We’ve all seen it; a post on Facebook, or some talking head in the media angrily ranting on ad nauseum, à la Glenn Beck.  Such immature, emotional tirades are no different than all those “others” chanting in front of an American embassy in <insert city of your choice here>, or the demonstrators dancing in the streets in front of the White House at the news of Osama Bin Laden’s death.

Don’t misunderstand my intent here.  I can empathize with the emotions that people are feeling, when they’re so moved to go and demonstrate, or make some “public” statement in social media.  However, when they allow those emotions to completely take over, and justify their actions and words, no matter how hateful, ignorant, or just plain wrong they might be, then they’re behaving just like a spoiled little child having a tantrum.  How could anybody behaving in this manner expect to be taken seriously?


16 08 2012

Who am I? Why are we all here? What’s my purpose? Ahh, yes, the big questions in life. Here’s another; Why are you even reading this? Let’s face it, Across the vast expanses of the world wide web, this insignificant blog entry is but a tiny speck.  I’m sure you could find something else to kill time while you’re sitting at your computer.  If you are reading this, (guess that’s already been established) it’s probably because you’re working out with me; otherwise you wouldn’t even know this page exists.  I imagine you’re hoping to get at least a bit of entertainment, or even a tid-bit that may help you with your fitness goals.  All right then, here it goes…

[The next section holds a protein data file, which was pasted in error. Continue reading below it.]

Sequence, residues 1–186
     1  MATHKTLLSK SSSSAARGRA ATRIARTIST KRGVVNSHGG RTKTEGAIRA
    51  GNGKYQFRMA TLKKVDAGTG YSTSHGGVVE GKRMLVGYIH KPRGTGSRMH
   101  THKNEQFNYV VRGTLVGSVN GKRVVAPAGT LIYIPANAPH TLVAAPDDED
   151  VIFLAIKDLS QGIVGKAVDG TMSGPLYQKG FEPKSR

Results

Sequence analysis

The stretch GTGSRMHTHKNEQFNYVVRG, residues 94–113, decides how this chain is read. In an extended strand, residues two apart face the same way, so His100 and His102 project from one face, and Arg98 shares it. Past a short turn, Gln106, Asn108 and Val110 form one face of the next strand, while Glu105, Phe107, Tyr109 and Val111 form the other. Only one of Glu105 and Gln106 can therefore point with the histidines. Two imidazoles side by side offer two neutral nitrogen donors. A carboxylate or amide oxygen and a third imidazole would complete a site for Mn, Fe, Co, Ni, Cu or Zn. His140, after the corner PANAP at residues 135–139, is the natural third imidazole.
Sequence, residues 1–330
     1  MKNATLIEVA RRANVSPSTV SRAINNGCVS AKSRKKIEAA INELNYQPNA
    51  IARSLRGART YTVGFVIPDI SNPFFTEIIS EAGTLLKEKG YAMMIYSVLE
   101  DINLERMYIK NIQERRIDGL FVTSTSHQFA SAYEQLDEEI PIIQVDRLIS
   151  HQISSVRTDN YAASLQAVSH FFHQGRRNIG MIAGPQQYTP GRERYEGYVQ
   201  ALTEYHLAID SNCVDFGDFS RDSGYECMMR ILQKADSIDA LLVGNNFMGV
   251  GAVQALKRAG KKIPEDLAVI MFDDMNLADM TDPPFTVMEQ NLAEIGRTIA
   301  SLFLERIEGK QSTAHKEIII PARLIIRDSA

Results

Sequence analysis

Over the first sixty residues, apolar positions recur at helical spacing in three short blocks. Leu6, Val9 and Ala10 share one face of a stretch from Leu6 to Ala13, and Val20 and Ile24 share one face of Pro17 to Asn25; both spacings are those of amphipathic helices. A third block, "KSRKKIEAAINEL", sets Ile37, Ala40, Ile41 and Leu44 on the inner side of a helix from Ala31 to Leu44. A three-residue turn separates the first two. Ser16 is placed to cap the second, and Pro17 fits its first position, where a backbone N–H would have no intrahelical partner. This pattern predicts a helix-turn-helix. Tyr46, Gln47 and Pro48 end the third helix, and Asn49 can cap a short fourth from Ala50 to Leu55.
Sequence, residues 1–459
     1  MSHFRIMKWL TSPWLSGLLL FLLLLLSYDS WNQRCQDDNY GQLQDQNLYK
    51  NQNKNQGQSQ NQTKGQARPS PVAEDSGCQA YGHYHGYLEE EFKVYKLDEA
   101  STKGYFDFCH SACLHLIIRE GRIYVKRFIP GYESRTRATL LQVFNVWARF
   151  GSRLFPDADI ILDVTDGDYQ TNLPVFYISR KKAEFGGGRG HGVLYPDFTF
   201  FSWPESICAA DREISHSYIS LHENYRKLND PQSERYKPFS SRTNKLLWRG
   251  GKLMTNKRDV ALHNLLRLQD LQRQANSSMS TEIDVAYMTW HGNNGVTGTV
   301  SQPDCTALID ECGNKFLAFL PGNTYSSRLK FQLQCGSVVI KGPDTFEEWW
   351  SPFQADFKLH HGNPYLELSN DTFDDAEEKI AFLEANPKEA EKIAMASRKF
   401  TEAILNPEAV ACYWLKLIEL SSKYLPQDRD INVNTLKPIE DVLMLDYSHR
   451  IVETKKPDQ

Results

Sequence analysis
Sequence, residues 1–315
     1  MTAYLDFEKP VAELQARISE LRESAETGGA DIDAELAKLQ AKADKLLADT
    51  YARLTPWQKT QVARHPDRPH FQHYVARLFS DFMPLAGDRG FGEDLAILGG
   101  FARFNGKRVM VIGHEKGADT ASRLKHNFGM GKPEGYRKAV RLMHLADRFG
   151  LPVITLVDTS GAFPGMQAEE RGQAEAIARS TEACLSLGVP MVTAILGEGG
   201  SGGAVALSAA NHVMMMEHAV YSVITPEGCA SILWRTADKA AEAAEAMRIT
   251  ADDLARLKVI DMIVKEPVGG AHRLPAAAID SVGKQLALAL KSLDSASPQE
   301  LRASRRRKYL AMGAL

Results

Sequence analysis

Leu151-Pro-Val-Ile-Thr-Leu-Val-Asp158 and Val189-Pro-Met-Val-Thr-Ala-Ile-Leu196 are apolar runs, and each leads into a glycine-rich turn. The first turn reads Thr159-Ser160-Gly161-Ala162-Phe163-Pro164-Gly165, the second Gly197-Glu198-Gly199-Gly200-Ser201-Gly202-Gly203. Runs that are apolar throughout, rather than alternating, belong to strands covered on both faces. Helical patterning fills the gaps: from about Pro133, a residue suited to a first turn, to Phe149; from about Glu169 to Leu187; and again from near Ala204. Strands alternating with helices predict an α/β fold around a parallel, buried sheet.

I got into the whole martial arts teaching gig because of my ideals.  I wanted to change the world. I wanted make it a better place.  Now, obviously This is no simple task; we human beings have been struggling for thousands of years on this and still haven’t gotten it right.  (Always being focused on “what’s in it for me right now” tends to distract the individual from any higher purpose.)  I realized that to accomplish such a task would require generations of individuals working in the same direction.  Conclusion? The education of our future generations is the key to really having any lasting impact, and what better place to do it than in an environment where self-reflection, self-evaluation, continual growth, and constant improvement are the goals, while ideals like courtesy, compassion, integrity, and self-discipline, are the guiding principles?